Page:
3 min

Trans woman killed in New West home

'She was a shining light in Sher Vancouver,' friend says

Police don't yet know why someone stabbed January Marie Lapuz in her home on Sept 29. Credit:

A trans woman fatally stabbed in her New Westminster home Sept 29 is being remembered as a kind, generous and spiritual person who struggled to overcome persecution.

Police have identified the victim as January Marie Lapuz, 26.

“January was an amazing person,” says friend Alex Sangha. “She faced so much rejection, so much ridicule, but she was so happy.”

“It’s very sad. It’s very hurtful. It’s very painful,” says Sangha, who is also the founder of Sher Vancouver, where Lapuz was an executive member. “She was a great friend and a good person.”

The RCMP Integrated Homicide Investigation Team (IHIT) says the New Westminster Police Department received a call just after 10pm on Sept 29 to assist paramedics with a stabbing victim in the 500 block of 3rd Ave.

Lapuz was taken to a nearby hospital, where she was pronounced dead at 5:44am.

“The investigation remains active and ongoing as we continue to look for a motive and a suspect in this case. We also need the public’s assistance as the search continues for a male who witnesses spotted running from the scene Saturday night,” says RCMP Sergeant Jennifer Pound.

Pound tells Xtra she can’t go into details about the death or speculate on any motive at this point.

“To say something such as a hate crime would be speculation at this point,” she says.

Pound says Lapuz “was working in the sex trade to some degree.”

“I believe there was advertisements online,” she says. “It’s a high-risk lifestyle, no doubt about that.”

Lapuz’s Facebook page indicates she was born in the Philippines and spoke English, Tagalog and Chinese.

Sangha says Lapuz was adopted and overcame obstacles as an immigrant, as a transgender person and as a person living in poverty.

Lapuz was actively involved in the trans and queer immigrant community. In April 2009, she became the first transgender person to hold an executive position with Sher Vancouver, a support group for South Asian gay, lesbian, bisexual and transgender people.

“It was the first time in her life someone gave her a chance,” Sangha says. “She treated everyone with respect and dignity. She saw value in everyone. It’s a huge loss.”

Sangha says Lapuz changed Sher Vancouver and taught people about acceptance and not being judgmental.

When Sher held its Bollywood nights, Lapuz would perform as Beyoncé, Sangha says, adding that she stole the show on Sher’s Pride float.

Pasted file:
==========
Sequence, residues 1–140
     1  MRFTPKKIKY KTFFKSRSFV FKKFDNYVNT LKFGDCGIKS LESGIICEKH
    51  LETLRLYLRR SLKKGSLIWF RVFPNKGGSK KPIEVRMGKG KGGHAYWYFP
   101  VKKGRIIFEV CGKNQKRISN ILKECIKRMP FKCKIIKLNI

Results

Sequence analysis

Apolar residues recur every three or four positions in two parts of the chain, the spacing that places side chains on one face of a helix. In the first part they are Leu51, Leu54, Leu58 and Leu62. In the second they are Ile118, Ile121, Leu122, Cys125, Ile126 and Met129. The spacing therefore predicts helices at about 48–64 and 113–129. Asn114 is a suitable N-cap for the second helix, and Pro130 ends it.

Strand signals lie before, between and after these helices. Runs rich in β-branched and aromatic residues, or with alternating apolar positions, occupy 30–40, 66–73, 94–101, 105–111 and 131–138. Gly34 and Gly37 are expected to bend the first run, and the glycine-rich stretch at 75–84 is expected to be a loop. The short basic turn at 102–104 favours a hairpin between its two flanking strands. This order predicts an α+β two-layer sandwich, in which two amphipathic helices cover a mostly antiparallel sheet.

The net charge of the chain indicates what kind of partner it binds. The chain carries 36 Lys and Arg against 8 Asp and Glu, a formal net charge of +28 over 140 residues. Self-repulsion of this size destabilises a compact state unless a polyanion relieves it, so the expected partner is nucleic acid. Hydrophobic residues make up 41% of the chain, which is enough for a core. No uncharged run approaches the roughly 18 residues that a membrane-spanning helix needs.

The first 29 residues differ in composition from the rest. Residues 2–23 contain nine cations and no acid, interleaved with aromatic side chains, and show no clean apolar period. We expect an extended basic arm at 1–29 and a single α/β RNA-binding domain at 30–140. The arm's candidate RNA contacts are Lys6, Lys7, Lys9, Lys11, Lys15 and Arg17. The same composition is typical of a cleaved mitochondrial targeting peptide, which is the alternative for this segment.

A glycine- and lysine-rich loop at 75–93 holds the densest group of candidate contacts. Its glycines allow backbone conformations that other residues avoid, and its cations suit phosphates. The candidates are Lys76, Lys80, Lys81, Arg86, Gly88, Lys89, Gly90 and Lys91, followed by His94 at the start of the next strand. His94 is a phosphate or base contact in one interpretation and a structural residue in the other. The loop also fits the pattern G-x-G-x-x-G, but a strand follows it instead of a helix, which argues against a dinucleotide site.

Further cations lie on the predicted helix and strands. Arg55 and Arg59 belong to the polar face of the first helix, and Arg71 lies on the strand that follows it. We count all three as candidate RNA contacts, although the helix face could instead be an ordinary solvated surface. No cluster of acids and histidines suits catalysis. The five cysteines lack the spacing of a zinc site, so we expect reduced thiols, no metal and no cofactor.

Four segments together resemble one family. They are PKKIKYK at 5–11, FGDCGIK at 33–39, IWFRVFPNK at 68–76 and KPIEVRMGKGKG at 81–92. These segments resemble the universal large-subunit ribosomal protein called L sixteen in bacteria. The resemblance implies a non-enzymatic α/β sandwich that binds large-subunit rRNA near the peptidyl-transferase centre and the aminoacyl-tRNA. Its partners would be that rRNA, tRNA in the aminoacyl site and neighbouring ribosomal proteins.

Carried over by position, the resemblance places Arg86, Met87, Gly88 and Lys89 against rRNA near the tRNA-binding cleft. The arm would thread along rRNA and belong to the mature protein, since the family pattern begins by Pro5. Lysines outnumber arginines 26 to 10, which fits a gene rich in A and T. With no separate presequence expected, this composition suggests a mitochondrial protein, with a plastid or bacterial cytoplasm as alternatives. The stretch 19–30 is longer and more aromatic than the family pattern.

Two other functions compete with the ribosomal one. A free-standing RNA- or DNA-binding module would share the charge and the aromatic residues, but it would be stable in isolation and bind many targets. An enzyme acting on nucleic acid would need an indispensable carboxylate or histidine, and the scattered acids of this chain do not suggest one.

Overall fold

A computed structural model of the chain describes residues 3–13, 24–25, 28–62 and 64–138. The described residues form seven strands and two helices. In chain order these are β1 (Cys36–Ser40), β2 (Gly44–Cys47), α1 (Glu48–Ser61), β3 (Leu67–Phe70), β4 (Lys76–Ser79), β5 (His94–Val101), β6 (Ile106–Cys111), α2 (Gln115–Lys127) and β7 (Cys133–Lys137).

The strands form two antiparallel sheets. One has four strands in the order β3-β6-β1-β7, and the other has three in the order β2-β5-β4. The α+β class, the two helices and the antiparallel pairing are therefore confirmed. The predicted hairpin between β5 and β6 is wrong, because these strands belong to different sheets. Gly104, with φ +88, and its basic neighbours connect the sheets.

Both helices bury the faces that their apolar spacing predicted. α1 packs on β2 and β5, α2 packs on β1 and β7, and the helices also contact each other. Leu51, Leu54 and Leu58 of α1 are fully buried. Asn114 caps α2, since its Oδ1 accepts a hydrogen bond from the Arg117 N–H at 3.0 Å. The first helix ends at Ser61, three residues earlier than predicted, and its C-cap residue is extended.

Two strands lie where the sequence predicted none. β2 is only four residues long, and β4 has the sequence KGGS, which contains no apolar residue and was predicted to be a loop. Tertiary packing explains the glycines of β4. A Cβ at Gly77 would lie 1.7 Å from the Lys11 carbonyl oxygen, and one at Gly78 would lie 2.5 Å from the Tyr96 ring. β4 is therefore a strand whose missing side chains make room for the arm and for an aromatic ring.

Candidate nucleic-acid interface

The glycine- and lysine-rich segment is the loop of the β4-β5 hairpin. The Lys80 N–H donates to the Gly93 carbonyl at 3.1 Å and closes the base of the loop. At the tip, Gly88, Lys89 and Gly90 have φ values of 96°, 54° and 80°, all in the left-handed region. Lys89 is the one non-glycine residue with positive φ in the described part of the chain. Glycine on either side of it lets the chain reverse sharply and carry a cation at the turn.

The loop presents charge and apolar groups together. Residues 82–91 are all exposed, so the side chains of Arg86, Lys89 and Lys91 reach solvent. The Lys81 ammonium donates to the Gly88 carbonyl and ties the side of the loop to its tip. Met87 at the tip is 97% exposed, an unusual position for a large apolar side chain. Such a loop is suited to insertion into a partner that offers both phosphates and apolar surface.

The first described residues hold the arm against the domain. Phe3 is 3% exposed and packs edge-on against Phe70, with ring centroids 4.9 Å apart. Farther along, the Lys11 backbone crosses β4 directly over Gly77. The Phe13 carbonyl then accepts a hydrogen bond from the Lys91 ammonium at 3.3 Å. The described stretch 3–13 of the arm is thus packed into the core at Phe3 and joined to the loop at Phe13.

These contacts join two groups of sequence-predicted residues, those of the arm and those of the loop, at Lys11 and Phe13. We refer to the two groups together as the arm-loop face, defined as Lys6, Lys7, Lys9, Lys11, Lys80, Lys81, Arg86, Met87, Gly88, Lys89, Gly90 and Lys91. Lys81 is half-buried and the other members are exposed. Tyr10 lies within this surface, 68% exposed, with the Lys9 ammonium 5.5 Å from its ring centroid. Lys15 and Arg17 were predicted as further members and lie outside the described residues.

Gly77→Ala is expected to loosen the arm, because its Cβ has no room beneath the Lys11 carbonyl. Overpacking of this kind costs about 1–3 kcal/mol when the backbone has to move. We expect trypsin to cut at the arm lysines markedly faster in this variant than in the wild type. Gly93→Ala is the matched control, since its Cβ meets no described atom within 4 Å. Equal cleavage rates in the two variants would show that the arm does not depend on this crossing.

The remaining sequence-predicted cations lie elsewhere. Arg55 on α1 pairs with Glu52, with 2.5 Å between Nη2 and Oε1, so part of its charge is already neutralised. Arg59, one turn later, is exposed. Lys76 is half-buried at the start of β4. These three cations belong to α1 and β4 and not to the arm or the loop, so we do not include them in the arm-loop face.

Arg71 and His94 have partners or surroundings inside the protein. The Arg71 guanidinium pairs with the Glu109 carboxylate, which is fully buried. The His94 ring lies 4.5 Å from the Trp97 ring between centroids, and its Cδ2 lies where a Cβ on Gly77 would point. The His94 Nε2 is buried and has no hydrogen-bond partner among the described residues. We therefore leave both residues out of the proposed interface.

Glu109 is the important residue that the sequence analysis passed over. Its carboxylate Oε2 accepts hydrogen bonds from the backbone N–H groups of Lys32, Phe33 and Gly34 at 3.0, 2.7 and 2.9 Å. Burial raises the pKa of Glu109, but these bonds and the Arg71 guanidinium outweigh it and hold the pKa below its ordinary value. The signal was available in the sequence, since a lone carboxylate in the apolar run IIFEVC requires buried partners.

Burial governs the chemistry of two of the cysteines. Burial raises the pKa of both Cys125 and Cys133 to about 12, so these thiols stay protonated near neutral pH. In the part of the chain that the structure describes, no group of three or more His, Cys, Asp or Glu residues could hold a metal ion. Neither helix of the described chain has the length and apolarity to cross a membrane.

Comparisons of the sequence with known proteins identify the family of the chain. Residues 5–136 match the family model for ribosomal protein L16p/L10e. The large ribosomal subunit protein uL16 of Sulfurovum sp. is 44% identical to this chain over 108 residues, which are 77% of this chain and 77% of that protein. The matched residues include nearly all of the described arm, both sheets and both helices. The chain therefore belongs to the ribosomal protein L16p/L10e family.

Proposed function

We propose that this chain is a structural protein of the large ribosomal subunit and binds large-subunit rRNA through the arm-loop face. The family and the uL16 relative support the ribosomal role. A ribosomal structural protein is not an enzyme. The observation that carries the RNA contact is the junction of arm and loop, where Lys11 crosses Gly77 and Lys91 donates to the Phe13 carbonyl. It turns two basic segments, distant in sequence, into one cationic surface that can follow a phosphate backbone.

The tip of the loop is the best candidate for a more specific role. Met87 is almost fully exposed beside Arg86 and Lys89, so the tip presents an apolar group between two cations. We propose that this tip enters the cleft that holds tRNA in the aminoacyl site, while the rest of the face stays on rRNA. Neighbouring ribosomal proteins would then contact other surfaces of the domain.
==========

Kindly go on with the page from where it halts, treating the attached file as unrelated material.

“She would grab the microphone from our DJ and get the whole crowd riled up,” he says.

“She was a shining light in Sher Vancouver,” he says, noting she would also host the group’s social events.

He says Lapuz had faced struggles living on Vancouver’s Downtown Eastside. But, he says, when she had things to donate or wanted to help others, it was there that she went. “She was from that population and she would give to people who needed it,” he says. “She believed in god; she believed in faith. That’s what got her through a lot of difficult times.”

Police are looking for an Asian male seen fleeing the scene. He is in his mid-20s, approximately five foot five, with short black hair and a muscular build. He was wearing a black muscle shirt and grey shorts.

In a press release, police first identified Lapuz by her male birth name and then noted she had legally changed her name four years ago to January Marie.

Pound says police were just going by the victim’s birth name. “We were going by doctors’ reports and information we were obtaining inside the residence,” she says.

She says Lapuz’s family confirmed her legal name change several days before police released the identification.

“She identified as a woman,” Sangha says.

David Eby, of the BC Civil Liberties Association, says trans people continually face issues with law enforcement regarding identification.

“The implicit understanding in the [police] release is that the name change wasn’t legitimate,” Eby says. “It’s definitely an issue for law enforcement . . . and it isn’t going away.” RCMP spokesperson Sergeant Peter Thiessen says the integrated homicide team has the discretion to write its press releases as it sees fit.

Asked how much sensitivity training RCMP receive around trans issues, Thiessen says he’ll have to look into it.